LEWIS: Yeah, it's going through cycles.

ALI: So it sits on that, sits on that kind of upswing there.

LEWIS: Yeah, because see -- in the '90s, I seem to remember, that's when the second wave of White gentrif-- that's the gentrification. That's when White people were coming back. And I noticed that people -- the White people were trying to move back on President Street. And I was -- I believe I sold my parents' house around that time. And I -- and I did --

ALI: You sold it to a Black or White family?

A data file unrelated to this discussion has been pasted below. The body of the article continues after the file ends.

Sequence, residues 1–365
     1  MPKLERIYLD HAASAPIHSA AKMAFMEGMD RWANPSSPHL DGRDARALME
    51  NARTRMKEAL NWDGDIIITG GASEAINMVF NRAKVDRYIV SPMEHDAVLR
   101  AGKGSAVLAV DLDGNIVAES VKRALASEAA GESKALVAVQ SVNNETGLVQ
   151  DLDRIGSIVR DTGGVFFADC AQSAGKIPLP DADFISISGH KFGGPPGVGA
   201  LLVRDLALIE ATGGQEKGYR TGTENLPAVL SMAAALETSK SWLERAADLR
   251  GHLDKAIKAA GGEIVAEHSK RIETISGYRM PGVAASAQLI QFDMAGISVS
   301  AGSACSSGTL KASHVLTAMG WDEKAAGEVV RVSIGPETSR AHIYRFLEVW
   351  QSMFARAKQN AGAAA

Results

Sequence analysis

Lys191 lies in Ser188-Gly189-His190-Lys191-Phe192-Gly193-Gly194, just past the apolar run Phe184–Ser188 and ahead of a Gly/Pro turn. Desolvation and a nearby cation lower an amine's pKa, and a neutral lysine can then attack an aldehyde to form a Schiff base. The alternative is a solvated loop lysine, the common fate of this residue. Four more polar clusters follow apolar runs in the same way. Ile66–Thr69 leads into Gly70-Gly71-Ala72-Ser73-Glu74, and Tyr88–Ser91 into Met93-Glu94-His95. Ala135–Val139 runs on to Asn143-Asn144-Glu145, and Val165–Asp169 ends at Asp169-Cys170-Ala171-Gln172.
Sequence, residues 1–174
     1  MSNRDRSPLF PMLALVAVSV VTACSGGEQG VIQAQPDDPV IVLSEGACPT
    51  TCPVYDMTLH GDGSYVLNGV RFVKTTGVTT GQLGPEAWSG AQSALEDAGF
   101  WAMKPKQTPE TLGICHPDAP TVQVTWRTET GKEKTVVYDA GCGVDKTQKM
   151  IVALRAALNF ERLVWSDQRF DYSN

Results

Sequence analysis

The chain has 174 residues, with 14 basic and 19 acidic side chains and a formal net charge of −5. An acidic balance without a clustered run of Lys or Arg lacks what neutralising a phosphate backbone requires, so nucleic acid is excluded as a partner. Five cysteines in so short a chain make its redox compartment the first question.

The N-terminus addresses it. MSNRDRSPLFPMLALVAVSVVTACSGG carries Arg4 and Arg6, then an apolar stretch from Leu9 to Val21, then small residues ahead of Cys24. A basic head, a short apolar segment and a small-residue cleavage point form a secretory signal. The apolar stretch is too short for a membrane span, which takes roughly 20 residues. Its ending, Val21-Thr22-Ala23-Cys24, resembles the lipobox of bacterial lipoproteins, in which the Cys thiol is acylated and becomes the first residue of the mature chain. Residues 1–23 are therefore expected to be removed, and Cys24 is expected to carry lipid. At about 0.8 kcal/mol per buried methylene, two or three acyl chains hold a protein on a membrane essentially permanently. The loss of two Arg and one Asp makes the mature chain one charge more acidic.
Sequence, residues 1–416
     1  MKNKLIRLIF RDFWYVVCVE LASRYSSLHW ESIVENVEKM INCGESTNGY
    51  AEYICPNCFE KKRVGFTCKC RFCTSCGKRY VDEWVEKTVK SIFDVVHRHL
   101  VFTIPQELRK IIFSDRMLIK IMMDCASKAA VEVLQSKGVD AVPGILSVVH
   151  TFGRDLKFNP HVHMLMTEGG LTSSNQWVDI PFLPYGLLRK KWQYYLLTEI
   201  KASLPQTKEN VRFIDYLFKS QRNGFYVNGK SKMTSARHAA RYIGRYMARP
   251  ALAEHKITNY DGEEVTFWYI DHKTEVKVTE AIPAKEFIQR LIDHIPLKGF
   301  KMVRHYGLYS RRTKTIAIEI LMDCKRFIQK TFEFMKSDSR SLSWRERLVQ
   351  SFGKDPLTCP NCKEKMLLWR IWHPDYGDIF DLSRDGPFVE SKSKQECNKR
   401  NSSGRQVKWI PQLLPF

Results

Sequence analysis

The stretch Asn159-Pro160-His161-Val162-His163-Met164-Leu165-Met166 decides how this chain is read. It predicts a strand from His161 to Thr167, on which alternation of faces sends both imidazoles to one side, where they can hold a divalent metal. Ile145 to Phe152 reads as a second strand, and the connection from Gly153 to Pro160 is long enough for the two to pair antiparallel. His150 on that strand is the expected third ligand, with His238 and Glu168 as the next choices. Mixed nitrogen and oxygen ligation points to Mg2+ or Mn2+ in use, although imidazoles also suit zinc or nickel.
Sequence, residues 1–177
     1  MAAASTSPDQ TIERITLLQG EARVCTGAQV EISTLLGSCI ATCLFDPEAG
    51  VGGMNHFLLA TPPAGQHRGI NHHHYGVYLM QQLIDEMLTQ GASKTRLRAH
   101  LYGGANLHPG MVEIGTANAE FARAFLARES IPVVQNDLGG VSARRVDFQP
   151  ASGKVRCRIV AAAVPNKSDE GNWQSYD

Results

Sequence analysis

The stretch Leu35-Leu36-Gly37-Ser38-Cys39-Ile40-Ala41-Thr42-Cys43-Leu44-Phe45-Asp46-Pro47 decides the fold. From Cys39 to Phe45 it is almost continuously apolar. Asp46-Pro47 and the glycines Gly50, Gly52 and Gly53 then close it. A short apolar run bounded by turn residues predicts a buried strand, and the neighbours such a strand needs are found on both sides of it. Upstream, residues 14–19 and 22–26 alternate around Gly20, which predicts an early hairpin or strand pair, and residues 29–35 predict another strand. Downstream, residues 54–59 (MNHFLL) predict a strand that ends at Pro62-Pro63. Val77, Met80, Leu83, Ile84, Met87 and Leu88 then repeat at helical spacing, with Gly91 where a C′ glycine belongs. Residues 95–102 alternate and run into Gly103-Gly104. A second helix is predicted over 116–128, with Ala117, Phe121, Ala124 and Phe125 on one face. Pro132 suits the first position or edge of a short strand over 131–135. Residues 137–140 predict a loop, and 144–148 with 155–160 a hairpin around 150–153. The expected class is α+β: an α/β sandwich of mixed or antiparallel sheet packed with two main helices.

LEWIS: I -- I sold it to a Black family, who was actually distantly related to us, on the Guyanese side. And I waited and -- and -- and the reason why I did that is because I -- I remember my mother, before she passed away in the '80s, I 115:00remember her talking about this, like everybody is selling their homes to the Jewish people. You know, that was a big conversation, is that these Jews -- In fact, they did come to me with a suit--with, not a suitcase, but a -- a -- two shopping bags full of money. And a -- a hus-- a -- a husband and a wife, and said that, was I ready to sell? And I was like, "No." And I said, "Is that money?" I remember thinking that, this is really true. People are showing up at your door with cash money. And like my grandmother's house was sold like that on 1457 Union Street. It was sold like that, because my cousin inherited it, and I'm absolutely certain he had no idea about buying and selling property. I'm sure he never owned anything, and he was young. And -- I would say in his 20s, 116:00and I think somebody -- I don't even think that they had, he had the clear title to do anything, because the title was never even cleared from my grandmother's name to my aunt's name. And I said, "How could you sell the house? The title's not even clear." And he said, "Yeah, the guy sold it, and, you know, and I got the money," and that's that. And I said, "OK." So there was a lot of that. And that was the conversation among, among the people. It's just like that was a conversation when I was very young, with the White people leaving. It was like, all of the White people are leaving, and the White people who didn't leave were the ones who could not leave. And there was this sense of being left behind. And so there was this, same thing was happening with the Black people; is that all of the Black people were moving, and the ones who couldn't move were the ones who couldn't leave. And -- and then it changed. And then the White people came 117:00back, and then it's changing again. Now the Black people are coming back, the ones who are -- the -- the people who are like younger than me. They're like the age of like -- my son is 33 years old, so they're like your age, you know, 30s and 40s. And they're looking and buying brownstones on President Street, and buying those little mansions on those -- they're not little -- they're big mansions. Like my grandmother's house on Union Street was a mansion. It had 22 rooms. That's a mansion. So, you know, the -- the young people, Black people, and White people are moving back to Crown Heights. And the streets are wide, the houses are big, you have lovely yards, you have basements, you have front yards. Every-- you know, it's very safe. And I always say, yeah, I said, "You'll live -- if you live in that neighborhood, I'll tell you, you know, it's nothing -- nothing's going to happen." I mean, that terrible accident happened with the 118:00kids, but that was so, so unusual for -- the way that went down. That's not like the norm there. That was just a very unique situation.